Considered by some as one of the most innovative baseball video games of all time, many of the features in Earl Weaver Baseball
seem commonplace in today's games - as so many of the innovations have been adopted by subsequent developers. But at the time, what EWB brought to gamers was nothing short of revolutionary.
While the graphics aren't necessarily extraordinary, the sound (especially on the Amiga) and the overall depth of the game that fits on a single 880KB disk is astonishing.
Some innovation highlights
- The first time players were offered the option of either playing in arcade mode (using eye–hand coordination as well as managerial strategy) or manager mode (where users managed their teams but did not physically control the players).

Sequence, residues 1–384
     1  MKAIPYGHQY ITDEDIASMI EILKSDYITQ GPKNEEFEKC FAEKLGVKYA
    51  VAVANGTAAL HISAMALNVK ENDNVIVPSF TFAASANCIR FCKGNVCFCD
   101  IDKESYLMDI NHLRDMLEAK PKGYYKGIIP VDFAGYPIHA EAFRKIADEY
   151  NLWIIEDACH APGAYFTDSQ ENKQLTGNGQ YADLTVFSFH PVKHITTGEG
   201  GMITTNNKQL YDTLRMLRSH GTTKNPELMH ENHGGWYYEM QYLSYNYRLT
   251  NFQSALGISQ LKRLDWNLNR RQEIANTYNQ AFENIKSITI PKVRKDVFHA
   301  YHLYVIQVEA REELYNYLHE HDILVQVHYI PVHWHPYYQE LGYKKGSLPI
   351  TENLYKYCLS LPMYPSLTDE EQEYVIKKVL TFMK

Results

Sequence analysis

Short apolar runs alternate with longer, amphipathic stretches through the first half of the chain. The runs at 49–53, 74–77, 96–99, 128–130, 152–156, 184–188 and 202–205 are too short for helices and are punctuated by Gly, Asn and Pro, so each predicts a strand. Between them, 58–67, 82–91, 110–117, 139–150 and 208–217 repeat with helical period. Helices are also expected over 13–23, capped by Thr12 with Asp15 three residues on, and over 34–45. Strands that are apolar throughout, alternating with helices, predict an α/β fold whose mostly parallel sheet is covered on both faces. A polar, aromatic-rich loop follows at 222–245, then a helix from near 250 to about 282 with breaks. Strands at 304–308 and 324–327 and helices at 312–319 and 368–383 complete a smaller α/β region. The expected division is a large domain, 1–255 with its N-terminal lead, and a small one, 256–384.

- The Amiga version featured voice synthesis, a first in a sports computer game. Players were announced at each plate appearance or substitution. The DOS version had some voice synthesis as well, but less than the Amiga and of lower quality.
- The first time different stadiums were shown graphically on the screen, with game play adjusted for their actual dimensions. Defunct or demolished stadiums were included, such as the Polo Grounds (New York), Griffith Stadium (Washington, D.C.), Ebbets Field (Brooklyn, New York), and Sportsman's Park (St. Louis). This also marked the debut of the Green Monster of Fenway Park in any computer game.
- EA issued annual baseball statistics disks to update the rosters and stats of the major league players until 1991.
- Players featured what Dombrower called "artificial ego". Players would realistically occasionally make errors in judgment, such as trying to take an extra base or attempt to catch an uncatchable ball.
In 1996, Computer Gaming World
named Earl Weaver Baseball
one of the 25 Best Games of All Time on the PC.